In a first-timer's build class, things are a little bit more hectic, supervision is more like one adult (who knows what they are doing, and not including the other 3 or 4 "adults" who stand around with their thumbs in their ears) on 20 or 30 kids. The room is noisy, some kids are wandering around (before I get a chance to chase them back to their chairs), the whole thing is not quite as orderly and "tidy" as you sitting down with your Dad. Big difference in teaching environment, regardless of any possible maturity of the student.

When I hold classes for the scouts at my church, half the kids are "bus" kids whose parents barely speak English, and who only understand that the class is something offered "by the church." If their kid gets injured, their friends urge them to get a lawyer and sue the big, rich church. I don't want any part of that, but that's a whole different problem in our wonderful modern society.
 

shrox

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I guess my examples would probably just cause phobias about sharp, shiny objects and guys with long blonde hair wearing a leather jacket...
 

InFlight

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Those were both probably instances of one-on-one training. By immediate family. Plenty of time for teaching. Probably in a more controlled environment (fewer distractions).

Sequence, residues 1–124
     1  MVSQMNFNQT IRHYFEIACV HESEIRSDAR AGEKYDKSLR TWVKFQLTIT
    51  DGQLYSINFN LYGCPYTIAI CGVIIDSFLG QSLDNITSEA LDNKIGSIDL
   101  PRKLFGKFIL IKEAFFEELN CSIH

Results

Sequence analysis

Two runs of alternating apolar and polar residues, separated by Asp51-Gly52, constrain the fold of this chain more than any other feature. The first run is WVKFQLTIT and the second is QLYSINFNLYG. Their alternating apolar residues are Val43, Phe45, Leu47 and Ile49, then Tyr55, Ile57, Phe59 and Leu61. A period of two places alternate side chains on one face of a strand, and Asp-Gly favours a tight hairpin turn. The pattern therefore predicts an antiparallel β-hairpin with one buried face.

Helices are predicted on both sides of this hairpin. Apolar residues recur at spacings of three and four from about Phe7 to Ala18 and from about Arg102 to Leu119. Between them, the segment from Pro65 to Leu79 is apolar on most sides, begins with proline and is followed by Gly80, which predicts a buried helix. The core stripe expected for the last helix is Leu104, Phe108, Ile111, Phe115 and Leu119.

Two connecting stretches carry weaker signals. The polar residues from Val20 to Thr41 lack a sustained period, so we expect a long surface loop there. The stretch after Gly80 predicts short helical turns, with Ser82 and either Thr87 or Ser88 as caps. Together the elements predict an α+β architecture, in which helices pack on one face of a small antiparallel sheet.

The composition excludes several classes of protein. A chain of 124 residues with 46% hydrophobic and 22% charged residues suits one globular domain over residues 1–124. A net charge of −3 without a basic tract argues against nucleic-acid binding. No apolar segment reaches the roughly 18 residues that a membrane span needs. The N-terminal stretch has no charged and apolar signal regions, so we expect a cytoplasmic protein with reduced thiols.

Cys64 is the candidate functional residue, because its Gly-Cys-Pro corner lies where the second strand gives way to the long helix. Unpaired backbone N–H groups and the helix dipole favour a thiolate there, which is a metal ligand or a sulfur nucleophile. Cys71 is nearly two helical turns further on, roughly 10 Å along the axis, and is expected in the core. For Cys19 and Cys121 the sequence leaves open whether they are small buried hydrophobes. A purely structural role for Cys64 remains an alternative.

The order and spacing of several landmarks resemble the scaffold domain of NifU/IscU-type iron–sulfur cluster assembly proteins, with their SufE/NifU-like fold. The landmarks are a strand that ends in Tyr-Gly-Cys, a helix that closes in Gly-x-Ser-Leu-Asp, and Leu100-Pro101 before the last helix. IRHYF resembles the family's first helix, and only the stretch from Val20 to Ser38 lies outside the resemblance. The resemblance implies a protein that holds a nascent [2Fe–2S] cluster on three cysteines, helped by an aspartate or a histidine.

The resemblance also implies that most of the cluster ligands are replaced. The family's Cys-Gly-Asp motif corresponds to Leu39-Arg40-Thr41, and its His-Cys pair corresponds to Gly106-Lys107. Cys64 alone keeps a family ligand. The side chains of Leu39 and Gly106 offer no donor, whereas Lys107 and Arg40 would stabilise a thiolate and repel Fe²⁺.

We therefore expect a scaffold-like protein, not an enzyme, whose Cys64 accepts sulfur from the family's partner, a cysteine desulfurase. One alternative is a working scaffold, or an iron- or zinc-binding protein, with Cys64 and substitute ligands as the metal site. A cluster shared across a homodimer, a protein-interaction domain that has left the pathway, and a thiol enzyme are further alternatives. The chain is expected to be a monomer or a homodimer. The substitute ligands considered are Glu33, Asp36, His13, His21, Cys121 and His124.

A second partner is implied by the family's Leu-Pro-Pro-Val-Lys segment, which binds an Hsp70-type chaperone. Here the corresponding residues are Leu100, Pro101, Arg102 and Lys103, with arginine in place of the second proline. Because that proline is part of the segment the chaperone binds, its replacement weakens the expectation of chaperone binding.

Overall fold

Yes, I guess that was my point. Sorry, I should have been more specific.

Honestly though, I would rather teach my own son how to handle an x-acto knife than leave it to someone else. No offense to you or anyone else of course.
 

UPscaler

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I agree with the fact that knife classes should be given before use of the knife.

My dad taught me how to use an X-acto knife before he let me do anything with the first kit I built by myself. I was probably 7 or 8.


More recently however, I was trying to make a guitar strap out of duct tape (lost my real one) and when trying to cut the slots for the strap buttons, It slipped through and went straight into my finger. Now I have a scar about a half inch long. It will probably be on my finger forvever.:rolleyes: